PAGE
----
US supermarket Kroger in talks to merge with rival Albertsons: sources

US supermarket Kroger in talks to merge with rival Albertsons: sources
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Oct 13 (Reuters) – US grocery company Kroger Co. (KR.N) is in talks to merge with smaller rival Albertsons Companies Inc. (ACI.N) in a bond that would create a supermarket titan, people familiar with the matter said.

The merger of the nation no. 1 and 2 independent grocery stores, if reached, could give retailers an edge in negotiations with consumer product makers like Procter & Gamble (PG.N) and Unilever (ULVR.L) at a time of sharp price increases.

A deal could be announced as early as this week if the talks don’t fall apart, said the sources, who requested anonymity as the discussions are confidential.

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Major consumer products companies around the world have announced plans to raise prices at a faster pace as they try to stem the impact of rising raw material costs on their margins.

Some critics noted that a supermarket merger would lessen competition among US supermarket chains and potentially lead to higher prices for US shoppers. A deal would create a combined company with a market valuation of around $47 billion, representing one of the biggest mergers in recent years in the retail space.

Neither Kroger nor Albertsons immediately responded to requests for comment. The news was first reported by Bloomberg.

Consultant Burt Flickinger, who owns stock in both Kroger and Albertsons, said a merger would give the two supermarket operators more buying power, making it easier for them to compete with Walmart Inc. (WMT.N).

Groceries make up about 55% of Walmart’s annual sales. Walmart has traditionally used its influence to demand the lowest possible prices from packaged food and beverage companies, leaving rivals at a disadvantage in their own negotiations with suppliers.

Approximately 25% of all dollars spent on groceries in the United States are spent at Walmart, according to data provided by Euromonitor. Kroger and Albertsons have about 8% and 5% of the US grocery market, respectively, according to Euromonitor.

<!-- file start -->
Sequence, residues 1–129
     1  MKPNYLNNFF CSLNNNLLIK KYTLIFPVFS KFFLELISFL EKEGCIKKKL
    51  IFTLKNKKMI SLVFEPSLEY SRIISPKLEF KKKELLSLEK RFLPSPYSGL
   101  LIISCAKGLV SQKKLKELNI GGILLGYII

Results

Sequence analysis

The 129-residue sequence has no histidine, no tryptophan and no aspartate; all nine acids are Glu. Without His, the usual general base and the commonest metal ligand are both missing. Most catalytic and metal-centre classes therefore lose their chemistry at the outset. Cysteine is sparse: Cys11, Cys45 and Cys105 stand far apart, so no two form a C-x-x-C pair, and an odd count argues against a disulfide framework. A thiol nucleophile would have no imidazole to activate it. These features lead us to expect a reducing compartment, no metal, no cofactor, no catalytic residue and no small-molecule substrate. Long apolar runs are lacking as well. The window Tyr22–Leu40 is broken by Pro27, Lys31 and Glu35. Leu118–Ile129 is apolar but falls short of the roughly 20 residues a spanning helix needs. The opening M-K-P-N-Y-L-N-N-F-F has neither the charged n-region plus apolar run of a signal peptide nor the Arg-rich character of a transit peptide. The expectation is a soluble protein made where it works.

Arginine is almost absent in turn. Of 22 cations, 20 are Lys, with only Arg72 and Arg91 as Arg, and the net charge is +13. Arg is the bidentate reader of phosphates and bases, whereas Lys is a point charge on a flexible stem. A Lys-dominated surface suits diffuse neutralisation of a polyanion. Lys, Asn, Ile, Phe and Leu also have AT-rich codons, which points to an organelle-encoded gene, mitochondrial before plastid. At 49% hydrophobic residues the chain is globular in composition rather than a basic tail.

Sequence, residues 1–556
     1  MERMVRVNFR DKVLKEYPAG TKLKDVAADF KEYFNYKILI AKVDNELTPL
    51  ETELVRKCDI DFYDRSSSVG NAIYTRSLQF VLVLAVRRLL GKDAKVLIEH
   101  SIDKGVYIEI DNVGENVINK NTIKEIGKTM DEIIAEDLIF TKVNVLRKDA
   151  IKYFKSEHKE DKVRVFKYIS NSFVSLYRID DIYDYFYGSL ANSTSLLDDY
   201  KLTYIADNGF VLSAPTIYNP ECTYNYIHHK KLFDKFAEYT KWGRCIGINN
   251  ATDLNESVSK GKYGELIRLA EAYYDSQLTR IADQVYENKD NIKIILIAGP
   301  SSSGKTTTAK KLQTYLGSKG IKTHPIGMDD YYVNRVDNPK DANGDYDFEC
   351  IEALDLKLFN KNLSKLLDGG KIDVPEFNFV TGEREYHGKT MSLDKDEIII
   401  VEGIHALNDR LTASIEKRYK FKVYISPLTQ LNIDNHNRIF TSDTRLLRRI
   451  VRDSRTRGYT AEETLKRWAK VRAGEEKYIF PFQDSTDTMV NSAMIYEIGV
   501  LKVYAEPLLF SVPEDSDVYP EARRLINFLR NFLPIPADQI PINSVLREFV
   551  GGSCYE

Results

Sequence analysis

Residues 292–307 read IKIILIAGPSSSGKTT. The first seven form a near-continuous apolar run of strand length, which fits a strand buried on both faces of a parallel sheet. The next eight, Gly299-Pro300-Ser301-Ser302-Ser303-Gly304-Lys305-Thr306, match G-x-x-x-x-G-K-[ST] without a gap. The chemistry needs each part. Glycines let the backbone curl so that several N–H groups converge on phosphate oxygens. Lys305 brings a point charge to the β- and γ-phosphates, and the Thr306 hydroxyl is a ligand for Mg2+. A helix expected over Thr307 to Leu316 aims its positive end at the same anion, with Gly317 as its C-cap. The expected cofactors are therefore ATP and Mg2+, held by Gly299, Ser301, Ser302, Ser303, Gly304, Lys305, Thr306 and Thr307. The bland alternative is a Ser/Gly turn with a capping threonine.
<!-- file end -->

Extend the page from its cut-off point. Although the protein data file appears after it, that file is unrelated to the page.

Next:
Amazon’s specter may also have contributed to merger talks. Michael Pachter, an analyst at Wedbush Securities, estimated that the online retailer has taken about $4 billion of market share from Kroger and Albertsons over the past two years, dwarf compared to an $800 billion grocery market. but a threat nonetheless. “Amazon scares the bejeezus out of mainstream retailers,” he said.

The Seattle-based tech company is betting that the contactless and cashierless payment systems it is adding to stores, including at its Whole Foods Market subsidiary, will win over long-term customers.

Albertsons shares rose 11% on Thursday afternoon, while Kroger shares fell 1.4%. Shares of UK online supermarket and tech group Ocado Group Plc (OCDO.L) they rose more than 10% in the latest London trade. Kroger is Ocado’s biggest customer.

Kroger houses supermarket chains such as Fred Meyer, Ralphs, and King Soopers. Boise, Idaho-based Albertsons includes the Safeway sign.

Narrow margins at independent U.S. supermarket chains have been squeezed by high costs and supply chain disruptions after a boom at the height of the pandemic.

Sarah Miller, executive director of the American Economic Liberties Project, an antitrust nonprofit, said the deal would “squeeze consumers already struggling to buy food.”

“This merger is a clear and dry case of monopoly power, and the enforcers should block it,” Miller said.

A deal could be reached as early as this week, Bloomberg reported, adding that no final decision has been made and talks could still be delayed or fail.

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Reporting from Anirban Sen and Abigail Summerville in New York; Additional reporting by Siddarth Cavale, Jessica DiNapoli, and Arriana McLymore in New York, Jeffrey Dustin in San Francisco, and Aishwarya Venugopal in Bengaluru; Edited by Sriraj Kalluvila, Matthew Lewis, and Nick Zieminski

Our standards: The Thomson Reuters Trust Principles.

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